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Purpose on Payday

By Sophie Morello
25 February 2022

By Sophie Morello

Governance as an ESG issue has leapt back into the spotlight, following the tragic events in Ukraine.

As a result of the Russian invasion and the sanctions now being imposed by other countries, there will be renewed attention from media and activists on the investors and partners that businesses have and we are already seeing evidence of increased levels of scrutiny, with BP being one of the first large-cap listed businesses to have its links with Russia questioned.

In reality the complex web of financial relationships and intertwined nature of global trade means that many organisations will have links to Russia which they will now have to reassess. Understanding the ownership structure and investment profile of organisations you partner with is now firmly back in the spotlight.

We are also seeing an increased governance focus on climate pledges. There has been a constant stream of climate targets set by corporates, now the focus is on whether organisations are achieving real impact against these.

Greenwashing and the failure to meet targets is a significant reputational risk and more organisations are being called out for failure to deliver.

This month Morningstar, the data provider, dropped over 1,200 fund from its European sustainable investment list following an “extensive review”. Funds with “light or ambiguous ESG language” got the chop, and more are expected to follow.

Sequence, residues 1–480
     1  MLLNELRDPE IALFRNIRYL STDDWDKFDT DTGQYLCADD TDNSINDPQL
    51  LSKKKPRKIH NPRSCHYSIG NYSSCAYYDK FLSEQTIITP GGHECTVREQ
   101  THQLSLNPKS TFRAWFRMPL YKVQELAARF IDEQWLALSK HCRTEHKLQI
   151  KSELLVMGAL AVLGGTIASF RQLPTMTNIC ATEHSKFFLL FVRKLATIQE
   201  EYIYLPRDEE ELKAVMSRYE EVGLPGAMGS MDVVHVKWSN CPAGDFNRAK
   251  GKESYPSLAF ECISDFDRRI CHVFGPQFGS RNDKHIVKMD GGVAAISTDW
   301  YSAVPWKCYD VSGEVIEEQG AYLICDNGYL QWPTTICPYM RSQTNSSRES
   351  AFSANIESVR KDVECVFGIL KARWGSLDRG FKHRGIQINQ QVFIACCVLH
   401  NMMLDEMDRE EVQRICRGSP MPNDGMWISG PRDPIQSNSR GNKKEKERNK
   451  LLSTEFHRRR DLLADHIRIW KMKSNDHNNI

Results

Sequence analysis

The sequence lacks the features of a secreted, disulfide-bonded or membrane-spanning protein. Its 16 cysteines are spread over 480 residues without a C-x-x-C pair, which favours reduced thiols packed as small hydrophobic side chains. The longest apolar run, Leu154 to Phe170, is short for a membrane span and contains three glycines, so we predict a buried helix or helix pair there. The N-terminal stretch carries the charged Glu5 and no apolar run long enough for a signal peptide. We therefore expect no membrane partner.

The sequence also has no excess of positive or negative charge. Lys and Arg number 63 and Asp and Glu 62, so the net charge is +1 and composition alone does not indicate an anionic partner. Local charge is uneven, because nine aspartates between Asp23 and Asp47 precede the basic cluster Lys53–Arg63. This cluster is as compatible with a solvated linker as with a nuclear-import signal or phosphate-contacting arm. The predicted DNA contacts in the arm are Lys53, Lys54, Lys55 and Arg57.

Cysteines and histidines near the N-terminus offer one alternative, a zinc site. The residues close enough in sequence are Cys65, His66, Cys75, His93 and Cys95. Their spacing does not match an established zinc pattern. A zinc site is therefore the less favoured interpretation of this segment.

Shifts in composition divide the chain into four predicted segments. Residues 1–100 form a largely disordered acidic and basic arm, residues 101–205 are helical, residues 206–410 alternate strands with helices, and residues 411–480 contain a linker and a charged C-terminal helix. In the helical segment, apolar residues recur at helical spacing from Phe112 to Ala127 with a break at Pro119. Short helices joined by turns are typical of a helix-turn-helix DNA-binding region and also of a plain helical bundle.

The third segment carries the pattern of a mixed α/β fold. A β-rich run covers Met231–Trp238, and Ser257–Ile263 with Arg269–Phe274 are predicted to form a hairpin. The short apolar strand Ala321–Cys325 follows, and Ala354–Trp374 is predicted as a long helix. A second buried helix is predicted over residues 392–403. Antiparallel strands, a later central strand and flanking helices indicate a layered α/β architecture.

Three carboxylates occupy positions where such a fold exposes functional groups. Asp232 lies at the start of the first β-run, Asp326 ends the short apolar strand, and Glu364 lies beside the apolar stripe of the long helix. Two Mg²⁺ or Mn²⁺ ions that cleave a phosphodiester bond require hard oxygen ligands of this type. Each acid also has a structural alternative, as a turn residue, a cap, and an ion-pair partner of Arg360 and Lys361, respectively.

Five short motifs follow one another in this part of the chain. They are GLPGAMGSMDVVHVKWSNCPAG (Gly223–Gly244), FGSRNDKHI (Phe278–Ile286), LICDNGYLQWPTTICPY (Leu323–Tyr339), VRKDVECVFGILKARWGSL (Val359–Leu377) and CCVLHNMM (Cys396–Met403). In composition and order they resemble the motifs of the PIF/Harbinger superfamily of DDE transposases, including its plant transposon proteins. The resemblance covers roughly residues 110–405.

And consumer brands will want to keep an eye on Which?, which published its first sustainability ranking of 11 UK supermarkets, scoring them against greenhouse gas emissions, plastic waste and food waste. Some of those listed challenged the results, including Iceland, which scored poorly despite some bold commitments to cut out plastic packaging from own-brand products.

There was also a report from The New Climate Institute and Carbon Market Watch which assesses the climate strategies of 25 major global companies and critically analyses the extent to which they demonstrate corporate climate leadership, scoring them based on the strength of their pledge, transparency and integrity. Companies under the spotlight include Apple, Amazon, Ikea, Accenture, Nestle and Unilever – no one scored ‘high’.

Reports such as these will keep on coming and the governance attention required to align ethical, environmental and social goals against the reality of operations on the ground is extensive. ESG targets are a useful statement of intent but impact and outcomes remain the critical measure of success.

We have also seen signs this month, of how November’s critical COP27 UN Climate Change Conference, in Egypt, is likely to shape up. Alok Sharma (President of COP26 who remains in place until the start of COP27) and John Kerry (the US Special Presidential Envoy for Climate) are both embarked in shuttle diplomacy to try and keep the goals agreed at COP26 on track.

Yet reports suggest that Egypt will be prioritising the ‘just transition’ and the delivery of the long-promised climate finance package from the G20 nations which will see $100 billion a year in climate finance aid being paid to developing nations to help them invest in the renewable and low carbon technologies needed to transition their economies to a net zero future.

It is possible that the crisis in Ukraine could focus G20 minds on the need to strengthen international ties and friendships and delivering this long-promised aid would be a good start.